TIGTA’s review substantiated many of the allegations in the IRS employees’ complaints. It found procedures for documentation and review of ITIN applications were lax, with a danger of ITIN-related tax fraud going undetected. In particular, TIGTA found that IRS management eliminated successful processes used to identify questionable ITIN application fraud patterns and schemes. The processes and procedures it did use were inadequate to verify each applicant’s identity and foreign status, TIGTA said.

TIGTA recommended that the IRS develop more detailed procedures and deliver adequate training on reviewing documentation supporting ITIN applications to identify questionable documents. It also recommended that the IRS expand the quality review process to include adequate emphasis on whether employees are accurately identifying fraudulent documents and that it revise the criteria for identifying questionable applications.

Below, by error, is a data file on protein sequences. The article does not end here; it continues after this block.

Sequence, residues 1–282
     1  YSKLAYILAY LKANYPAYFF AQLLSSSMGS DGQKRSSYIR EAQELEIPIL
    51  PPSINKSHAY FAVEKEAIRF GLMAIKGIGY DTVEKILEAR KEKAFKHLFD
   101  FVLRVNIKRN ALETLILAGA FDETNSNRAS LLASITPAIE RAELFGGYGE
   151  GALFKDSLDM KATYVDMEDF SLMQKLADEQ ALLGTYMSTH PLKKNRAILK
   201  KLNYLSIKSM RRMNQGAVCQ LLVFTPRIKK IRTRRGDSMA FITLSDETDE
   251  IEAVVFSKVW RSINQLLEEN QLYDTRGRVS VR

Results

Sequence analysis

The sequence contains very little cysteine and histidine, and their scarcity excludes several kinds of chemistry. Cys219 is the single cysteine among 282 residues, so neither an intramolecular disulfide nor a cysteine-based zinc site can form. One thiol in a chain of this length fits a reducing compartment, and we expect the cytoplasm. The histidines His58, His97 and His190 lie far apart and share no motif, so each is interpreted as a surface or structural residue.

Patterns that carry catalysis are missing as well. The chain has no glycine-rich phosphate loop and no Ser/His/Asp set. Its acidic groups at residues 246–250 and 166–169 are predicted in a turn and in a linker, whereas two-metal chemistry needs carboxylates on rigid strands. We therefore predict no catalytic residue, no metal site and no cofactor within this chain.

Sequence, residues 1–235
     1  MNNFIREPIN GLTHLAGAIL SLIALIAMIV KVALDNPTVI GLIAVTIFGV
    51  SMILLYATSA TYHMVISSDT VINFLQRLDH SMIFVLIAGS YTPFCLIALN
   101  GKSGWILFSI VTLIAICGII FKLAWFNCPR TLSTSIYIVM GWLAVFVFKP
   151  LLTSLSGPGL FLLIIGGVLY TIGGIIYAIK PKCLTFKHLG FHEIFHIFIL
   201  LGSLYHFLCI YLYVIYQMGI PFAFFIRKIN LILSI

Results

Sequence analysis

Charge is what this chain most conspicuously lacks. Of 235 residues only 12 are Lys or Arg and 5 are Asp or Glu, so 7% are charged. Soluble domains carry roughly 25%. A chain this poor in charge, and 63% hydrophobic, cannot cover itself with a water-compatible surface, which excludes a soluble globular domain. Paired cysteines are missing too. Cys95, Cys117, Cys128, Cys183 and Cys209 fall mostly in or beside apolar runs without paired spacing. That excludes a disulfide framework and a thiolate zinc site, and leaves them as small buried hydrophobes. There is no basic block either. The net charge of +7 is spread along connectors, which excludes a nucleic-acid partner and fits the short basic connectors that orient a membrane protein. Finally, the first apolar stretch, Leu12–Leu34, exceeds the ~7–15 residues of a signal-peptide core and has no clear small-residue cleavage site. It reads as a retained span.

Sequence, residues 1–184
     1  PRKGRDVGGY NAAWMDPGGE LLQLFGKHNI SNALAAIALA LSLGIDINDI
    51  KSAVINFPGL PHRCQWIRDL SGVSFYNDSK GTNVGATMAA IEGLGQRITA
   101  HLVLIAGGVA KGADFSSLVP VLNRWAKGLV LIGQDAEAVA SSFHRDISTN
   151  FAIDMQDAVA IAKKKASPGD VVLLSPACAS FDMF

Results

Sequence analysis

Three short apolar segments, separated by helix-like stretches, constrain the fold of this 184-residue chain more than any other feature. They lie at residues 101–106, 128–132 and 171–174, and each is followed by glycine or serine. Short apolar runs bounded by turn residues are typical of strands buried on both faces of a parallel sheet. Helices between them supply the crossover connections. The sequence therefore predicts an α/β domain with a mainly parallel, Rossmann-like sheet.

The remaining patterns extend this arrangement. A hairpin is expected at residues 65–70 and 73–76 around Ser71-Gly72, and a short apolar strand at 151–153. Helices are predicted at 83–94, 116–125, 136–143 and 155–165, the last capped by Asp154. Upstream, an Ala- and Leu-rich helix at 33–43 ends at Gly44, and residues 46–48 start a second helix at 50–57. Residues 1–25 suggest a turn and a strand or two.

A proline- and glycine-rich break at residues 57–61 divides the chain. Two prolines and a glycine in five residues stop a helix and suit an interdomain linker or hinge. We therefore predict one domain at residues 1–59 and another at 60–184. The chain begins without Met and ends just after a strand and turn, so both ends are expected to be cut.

The IRS agreed with most of the recommendations and has announced plans to implement interim changes based on TIGTA’s findings. One recommendation was that the IRS require only original documents or documents certified by the issuing agency to be provided in support of an ITIN application. The IRS addressed that recommendation in June when it announced it would stop issuing ITINs unless the applicant furnishes original documents or certified copies from the issuing agency with Form W-7, Application for IRS Individual Tax Identification Number (News Release IR-2012-62; see previous Tax Matters coverage, “Original Documents Now Needed for ITINs,” Sept. 2012, page 70). Notarized copies not certified by the issuing agency will not be accepted. The IRS also announced in June that Certifying Acceptance Agents (CAAs) must send the documents to the IRS rather than, as formerly, review them and certify to the IRS that they are authentic, complete, and accurate. For the IRS’s frequently asked questions on the procedures, see tinyurl.com/99btzxd.